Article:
MOSCOW, September 17 (RIA Novosti) - Russian President Dmitry Medvedev said Thursday that Russia valued U.S. President Barack Obama's decision to scrap plans for a missile shield in Central Europe.
Obama announced earlier Thursday that Washington was dropping its previous plans to deploy elements of a missile shield in the Czech Republic and Poland because the Iran threat is perceived in a different way.
The Bush administration sought to deploy a radar station in the Czech Republic and interceptor missiles in Poland as defense against potential strikes from Iran. Russia has consistently opposed the plans as a threat to its security and the strategic balance of forces in Europe.
Medvedev said that Russia "noted President Obama's announcement on the adjustment of the U.S.'s approach to the issue of missile defense."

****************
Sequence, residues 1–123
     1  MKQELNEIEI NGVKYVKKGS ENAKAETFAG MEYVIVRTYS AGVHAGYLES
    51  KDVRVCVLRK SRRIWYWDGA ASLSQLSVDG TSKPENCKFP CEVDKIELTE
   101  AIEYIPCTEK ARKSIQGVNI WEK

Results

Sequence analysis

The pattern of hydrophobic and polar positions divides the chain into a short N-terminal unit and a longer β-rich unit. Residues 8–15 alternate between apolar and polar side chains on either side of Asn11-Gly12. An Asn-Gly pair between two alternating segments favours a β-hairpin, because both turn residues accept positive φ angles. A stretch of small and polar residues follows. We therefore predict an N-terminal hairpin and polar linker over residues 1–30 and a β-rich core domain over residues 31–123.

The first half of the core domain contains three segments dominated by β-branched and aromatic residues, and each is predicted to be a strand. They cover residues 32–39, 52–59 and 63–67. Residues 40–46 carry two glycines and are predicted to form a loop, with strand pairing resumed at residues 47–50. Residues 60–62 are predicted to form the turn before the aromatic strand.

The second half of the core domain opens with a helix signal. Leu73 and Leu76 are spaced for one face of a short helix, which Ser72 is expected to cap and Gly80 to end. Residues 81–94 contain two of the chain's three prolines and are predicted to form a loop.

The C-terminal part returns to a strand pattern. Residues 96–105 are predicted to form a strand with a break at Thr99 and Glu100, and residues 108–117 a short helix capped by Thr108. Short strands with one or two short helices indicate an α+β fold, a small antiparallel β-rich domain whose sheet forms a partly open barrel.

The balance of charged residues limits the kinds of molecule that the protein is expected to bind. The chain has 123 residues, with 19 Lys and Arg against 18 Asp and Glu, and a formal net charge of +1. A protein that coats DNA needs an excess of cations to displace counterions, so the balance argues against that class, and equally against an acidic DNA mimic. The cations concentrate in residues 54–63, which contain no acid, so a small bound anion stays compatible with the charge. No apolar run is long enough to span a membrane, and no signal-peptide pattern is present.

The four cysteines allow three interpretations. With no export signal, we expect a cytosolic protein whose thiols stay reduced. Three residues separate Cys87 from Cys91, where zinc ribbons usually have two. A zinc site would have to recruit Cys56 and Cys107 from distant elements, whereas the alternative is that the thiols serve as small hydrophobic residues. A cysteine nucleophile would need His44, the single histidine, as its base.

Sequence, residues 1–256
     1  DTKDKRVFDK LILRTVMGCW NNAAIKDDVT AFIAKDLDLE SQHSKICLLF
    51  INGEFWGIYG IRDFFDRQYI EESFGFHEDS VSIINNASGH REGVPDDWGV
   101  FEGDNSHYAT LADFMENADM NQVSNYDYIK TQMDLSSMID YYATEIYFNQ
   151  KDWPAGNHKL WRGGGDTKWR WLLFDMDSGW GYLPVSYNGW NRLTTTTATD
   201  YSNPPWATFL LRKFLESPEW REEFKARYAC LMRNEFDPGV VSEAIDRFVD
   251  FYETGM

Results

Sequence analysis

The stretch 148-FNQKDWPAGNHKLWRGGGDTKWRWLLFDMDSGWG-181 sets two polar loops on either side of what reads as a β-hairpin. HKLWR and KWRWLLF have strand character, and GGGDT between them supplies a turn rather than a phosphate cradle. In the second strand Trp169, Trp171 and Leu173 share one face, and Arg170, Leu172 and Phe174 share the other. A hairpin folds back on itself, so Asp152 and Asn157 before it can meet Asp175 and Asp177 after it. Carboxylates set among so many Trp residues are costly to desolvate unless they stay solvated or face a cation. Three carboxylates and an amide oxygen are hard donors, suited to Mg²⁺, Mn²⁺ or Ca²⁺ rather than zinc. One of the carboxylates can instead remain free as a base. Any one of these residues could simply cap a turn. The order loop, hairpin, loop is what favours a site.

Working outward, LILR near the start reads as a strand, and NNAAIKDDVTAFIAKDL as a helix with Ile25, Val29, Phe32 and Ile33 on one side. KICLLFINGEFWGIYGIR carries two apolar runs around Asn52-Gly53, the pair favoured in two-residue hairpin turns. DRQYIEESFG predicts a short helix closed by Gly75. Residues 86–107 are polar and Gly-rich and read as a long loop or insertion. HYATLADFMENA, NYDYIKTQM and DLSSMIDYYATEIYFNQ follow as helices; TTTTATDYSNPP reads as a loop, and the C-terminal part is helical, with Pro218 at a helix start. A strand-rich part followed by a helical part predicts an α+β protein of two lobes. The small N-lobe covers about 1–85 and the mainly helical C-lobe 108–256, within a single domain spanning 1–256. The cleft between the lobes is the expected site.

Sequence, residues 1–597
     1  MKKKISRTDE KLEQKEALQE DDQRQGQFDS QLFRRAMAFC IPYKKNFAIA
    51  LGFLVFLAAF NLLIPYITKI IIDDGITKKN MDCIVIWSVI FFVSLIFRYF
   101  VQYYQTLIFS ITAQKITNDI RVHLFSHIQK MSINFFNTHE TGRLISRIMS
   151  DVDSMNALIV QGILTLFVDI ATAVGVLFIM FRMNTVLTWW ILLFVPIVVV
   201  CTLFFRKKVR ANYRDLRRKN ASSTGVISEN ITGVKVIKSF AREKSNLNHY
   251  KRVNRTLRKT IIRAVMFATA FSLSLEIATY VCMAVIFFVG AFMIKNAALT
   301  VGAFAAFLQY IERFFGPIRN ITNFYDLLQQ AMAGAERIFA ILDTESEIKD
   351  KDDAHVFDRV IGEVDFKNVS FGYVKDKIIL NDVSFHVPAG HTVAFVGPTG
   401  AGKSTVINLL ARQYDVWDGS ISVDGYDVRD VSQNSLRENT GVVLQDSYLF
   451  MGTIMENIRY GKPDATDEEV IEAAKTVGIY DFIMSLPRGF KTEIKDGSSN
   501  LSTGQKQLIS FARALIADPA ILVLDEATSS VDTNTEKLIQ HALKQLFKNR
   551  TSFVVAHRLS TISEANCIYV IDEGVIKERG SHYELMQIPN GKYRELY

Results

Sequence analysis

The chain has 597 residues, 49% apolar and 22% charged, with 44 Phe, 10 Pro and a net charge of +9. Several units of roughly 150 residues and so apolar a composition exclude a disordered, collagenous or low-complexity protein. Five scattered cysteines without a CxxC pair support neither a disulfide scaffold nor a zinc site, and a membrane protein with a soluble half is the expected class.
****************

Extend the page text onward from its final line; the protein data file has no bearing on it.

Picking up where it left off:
"We value the responsible approach of the U.S. president to our agreement. I am ready to continue our dialogue," Medvedev said.
The Russian and U.S. leaders had discussed the issue during Obama's visit to Moscow in July and during their first meeting in London at the start of April.
"We also agreed and fixed in our joint statements that Russia and the U.S. will strive for joint work to assess missile proliferation risks in the world," Medvedev said. "Today's statement by Washington shows that good conditions have been established for such work. Of course, specific consultations of experts are to be held, and our country is ready for them."
Medvedev said that his meeting with Obama in New York scheduled for September 23 will be a good opportunity to exchange opinions on strategic stability issues, including missile defense.